Article

Hepatic arterial injuries after percutaneous biliary interventions in the era of laparoscopic surgery and liver transplantation: Experience with 930 patients

Department of Radiology, University of California, San Francisco, 505 Parnassus Ave, Room M-361, San Francisco, CA 94143, USA.
Radiology (Impact Factor: 6.21). 07/2008; 247(3):880-6. DOI: 10.1148/radiol.2473070529
Source: PubMed

ABSTRACT To retrospectively determine if patients with a history of intraoperative bile duct injury or liver transplantation have an increased risk for arterial injury (AI) during percutaneous transhepatic cholangiography (PTC) and percutaneous transhepatic biliary drainage (PTBD) compared with the risk of AI established in the 1970s and 1980s.
This study was approved by the committee on human research and was deemed compliant with the Health Insurance Portability and Accountability Act. The informed consent requirement was waived. Records of 1394 procedures (307 PTCs, 1087 PTBDs) performed in 930 patients (445 male, 485 female; age range, 4 months to 99 years) over the past 13 years were retrospectively reviewed. The rate of AI was determined, and demographic, pathologic, technical, and laboratory variables were tested for association with increased risk of AI by using generalized estimating equation analysis.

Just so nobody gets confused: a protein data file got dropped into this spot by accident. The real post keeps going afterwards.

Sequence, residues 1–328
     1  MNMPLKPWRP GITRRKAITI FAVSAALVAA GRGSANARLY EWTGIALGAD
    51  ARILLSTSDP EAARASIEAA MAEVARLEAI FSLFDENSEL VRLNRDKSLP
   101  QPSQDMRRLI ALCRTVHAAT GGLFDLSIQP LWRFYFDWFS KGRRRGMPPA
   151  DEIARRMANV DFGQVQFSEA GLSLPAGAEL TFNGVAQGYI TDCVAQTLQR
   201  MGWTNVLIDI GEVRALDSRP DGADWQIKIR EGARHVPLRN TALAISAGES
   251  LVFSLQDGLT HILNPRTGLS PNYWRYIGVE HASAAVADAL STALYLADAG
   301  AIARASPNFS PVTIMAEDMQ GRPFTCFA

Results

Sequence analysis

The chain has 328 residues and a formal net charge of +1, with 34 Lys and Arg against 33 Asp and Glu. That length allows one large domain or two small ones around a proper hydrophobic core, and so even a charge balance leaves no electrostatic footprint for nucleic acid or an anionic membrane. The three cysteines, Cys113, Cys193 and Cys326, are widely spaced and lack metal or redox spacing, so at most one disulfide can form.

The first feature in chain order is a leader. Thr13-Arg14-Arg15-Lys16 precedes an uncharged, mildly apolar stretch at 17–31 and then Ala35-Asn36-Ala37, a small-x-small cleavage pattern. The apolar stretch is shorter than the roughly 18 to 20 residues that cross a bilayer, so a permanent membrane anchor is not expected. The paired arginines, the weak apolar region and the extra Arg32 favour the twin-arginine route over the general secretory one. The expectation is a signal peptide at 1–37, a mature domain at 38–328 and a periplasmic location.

AIs were encountered after 30 (2.2%) biliary procedures. No significant difference in the rate of AI was seen among the groups of patients with malignant biliary obstruction (1.8%), history of bile duct injury (2.2%), or complications of liver transplantation (2.6%). Patients who underwent PTBD had a higher risk of AI than did patients who underwent PTC (2.6% vs 0.7%); however, this difference was not significant (P = .06). Ongoing hemobilia was seen in 26 (87%) of the patients, which made it the most common sign of AI, and it had a 94% positive predictive value for AI. A postprocedure decrease in the hematocrit level of more than 13% was seen only in the setting of AI, and it occurred in only three (10%) of patients with AIs.
PTC and PTBD performed for management of bile duct injury and complications of liver transplantation are not associated with an increased risk of hepatic AIs compared with the risk of AI reported in the 1970s and 1980s.

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